A Las Vegas-based foundation created in 1954 and built on a media empire has become one of the nation's leading philanthropic organizations.
Donald W. Reynolds owned more than one hundred media outlets–print, broadcasting, and outdoor advertising–during his long publishing career, which began in 1927 and continued until his death in 1993. Perhaps his greatest success came in Las Vegas where he owned the Las Vegas Review-Journal, long the largest newspaper in Nevada. For many years, Reynolds owned radio and television stations. His foundation had existed for forty years, but became more active after his death and the sale of his Donrey Media Group to Arkansas businessman Jackson Stephens in 1994.
With assets of $1 billion, the Reynolds Foundation, under the leadership of longtime Donrey executive Fred Smith, has aided numerous educational institutions and civic organizations. Reynolds had endowed the University of Nevada Reno's School of Journalism, which bears his name. His foundation has gone on to fund many buildings and groups in Nevada and elsewhere, especially in the fields of journalism (including the largest donation ever to Reynolds's alma mater, the University of Missouri), education (including a center at George Washington's Mount Vernon plantation), medical research, aging, child care, and women's health. The foundation contributed more than $10 million apiece to the Nevada Museum of Art in Reno and Catholic Charities of Southern Nevada. It has been a major donor to Great Basin College in Elko, the Shade Tree Shelter for homeless women and children in Las Vegas, the Nevada Ballet Theatre, the Assistance League of Las Vegas, and the Food Bank of Northern Nevada.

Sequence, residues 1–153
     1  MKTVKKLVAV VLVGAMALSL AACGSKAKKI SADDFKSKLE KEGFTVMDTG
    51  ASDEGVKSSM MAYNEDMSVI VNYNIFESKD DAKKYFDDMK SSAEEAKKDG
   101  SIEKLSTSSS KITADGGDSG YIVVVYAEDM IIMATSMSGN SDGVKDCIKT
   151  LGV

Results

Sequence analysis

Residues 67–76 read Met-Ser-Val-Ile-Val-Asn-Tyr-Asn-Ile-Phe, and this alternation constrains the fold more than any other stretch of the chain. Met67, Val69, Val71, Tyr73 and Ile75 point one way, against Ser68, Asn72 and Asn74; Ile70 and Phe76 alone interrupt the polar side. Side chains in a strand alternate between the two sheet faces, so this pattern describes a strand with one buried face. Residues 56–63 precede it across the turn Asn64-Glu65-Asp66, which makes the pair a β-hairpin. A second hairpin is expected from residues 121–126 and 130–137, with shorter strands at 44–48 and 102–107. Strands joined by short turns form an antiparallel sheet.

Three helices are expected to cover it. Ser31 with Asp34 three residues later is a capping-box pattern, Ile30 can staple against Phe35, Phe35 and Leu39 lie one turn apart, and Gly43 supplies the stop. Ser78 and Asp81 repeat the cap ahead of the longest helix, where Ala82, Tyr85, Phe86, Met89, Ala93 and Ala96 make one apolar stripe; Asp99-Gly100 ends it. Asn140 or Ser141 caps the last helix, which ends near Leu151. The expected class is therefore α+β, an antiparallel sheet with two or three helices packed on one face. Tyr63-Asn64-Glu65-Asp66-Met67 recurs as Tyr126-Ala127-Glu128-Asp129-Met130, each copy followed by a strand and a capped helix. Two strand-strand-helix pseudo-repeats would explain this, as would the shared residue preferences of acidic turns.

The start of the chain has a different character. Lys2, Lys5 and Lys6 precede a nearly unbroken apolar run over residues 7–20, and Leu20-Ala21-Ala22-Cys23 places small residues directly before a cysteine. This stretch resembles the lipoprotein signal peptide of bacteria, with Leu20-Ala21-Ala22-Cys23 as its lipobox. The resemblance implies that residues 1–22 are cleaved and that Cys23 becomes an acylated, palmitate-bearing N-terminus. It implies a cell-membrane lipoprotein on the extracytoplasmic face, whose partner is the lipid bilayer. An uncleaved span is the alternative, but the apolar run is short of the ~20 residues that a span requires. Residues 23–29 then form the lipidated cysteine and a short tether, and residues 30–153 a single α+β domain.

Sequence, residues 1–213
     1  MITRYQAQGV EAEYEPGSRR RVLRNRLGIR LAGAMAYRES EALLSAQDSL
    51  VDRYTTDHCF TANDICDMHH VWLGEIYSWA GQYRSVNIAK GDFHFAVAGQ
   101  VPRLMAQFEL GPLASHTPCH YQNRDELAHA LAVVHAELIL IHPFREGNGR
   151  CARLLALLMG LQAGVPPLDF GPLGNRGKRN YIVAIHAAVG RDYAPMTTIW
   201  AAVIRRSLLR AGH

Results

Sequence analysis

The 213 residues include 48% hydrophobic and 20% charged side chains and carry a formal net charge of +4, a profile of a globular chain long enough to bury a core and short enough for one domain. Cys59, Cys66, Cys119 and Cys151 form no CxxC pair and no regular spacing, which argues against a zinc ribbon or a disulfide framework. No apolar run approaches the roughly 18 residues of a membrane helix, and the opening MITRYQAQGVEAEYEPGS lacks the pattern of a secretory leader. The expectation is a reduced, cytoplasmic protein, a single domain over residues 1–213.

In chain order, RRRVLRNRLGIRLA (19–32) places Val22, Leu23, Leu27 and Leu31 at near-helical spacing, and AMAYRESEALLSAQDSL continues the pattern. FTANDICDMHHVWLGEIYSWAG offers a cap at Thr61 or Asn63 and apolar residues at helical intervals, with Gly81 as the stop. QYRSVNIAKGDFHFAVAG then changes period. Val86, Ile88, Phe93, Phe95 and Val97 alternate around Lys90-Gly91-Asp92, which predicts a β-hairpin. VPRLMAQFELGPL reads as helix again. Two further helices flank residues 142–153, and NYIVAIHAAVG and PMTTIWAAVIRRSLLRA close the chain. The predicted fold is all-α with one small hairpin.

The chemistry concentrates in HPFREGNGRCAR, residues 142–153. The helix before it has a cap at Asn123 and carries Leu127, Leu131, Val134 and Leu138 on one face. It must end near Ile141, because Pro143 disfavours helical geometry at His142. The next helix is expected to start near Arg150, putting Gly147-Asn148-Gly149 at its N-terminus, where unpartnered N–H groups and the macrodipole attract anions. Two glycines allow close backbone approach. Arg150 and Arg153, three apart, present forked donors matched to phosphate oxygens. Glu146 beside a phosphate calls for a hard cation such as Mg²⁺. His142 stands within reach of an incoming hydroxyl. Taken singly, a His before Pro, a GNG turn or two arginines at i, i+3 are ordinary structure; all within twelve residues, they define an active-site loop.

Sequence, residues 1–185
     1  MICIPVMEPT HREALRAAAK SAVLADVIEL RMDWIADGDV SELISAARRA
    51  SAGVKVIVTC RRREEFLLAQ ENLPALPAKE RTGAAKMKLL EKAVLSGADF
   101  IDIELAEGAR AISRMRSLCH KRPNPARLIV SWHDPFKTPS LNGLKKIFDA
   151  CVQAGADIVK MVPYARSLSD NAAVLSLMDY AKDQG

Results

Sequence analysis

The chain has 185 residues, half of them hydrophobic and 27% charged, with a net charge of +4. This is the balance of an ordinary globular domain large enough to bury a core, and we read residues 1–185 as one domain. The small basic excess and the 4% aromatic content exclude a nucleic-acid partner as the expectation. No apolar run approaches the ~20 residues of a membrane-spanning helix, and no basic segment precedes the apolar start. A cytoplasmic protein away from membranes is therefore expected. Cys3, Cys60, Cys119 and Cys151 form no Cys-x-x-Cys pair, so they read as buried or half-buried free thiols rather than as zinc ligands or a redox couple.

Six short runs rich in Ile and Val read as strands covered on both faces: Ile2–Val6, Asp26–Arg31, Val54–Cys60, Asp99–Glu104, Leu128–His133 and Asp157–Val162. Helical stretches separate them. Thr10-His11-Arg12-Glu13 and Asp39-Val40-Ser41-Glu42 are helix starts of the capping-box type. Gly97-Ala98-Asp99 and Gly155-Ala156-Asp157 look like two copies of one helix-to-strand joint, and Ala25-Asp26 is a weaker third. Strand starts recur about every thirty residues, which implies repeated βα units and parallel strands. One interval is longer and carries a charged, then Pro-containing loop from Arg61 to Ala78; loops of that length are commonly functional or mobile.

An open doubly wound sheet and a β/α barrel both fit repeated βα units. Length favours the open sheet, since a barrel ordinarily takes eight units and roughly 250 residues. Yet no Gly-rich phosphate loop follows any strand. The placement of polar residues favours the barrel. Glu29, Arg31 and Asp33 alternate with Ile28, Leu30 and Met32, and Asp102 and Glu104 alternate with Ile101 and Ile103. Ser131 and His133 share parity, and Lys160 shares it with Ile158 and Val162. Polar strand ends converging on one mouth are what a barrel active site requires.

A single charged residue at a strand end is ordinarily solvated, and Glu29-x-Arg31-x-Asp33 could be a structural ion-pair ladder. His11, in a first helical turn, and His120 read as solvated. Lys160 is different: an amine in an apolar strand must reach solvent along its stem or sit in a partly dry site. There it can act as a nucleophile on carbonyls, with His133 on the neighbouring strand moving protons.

Smith said, "I spent forty-five years of my life making money, and now I'm giving it away. I hope I can direct giving it away intelligently. Frankly, it is easier making money than giving it away intelligently." The Reynolds Foundation has lived up to that hope as one of the fifty largest private foundations in the United States.
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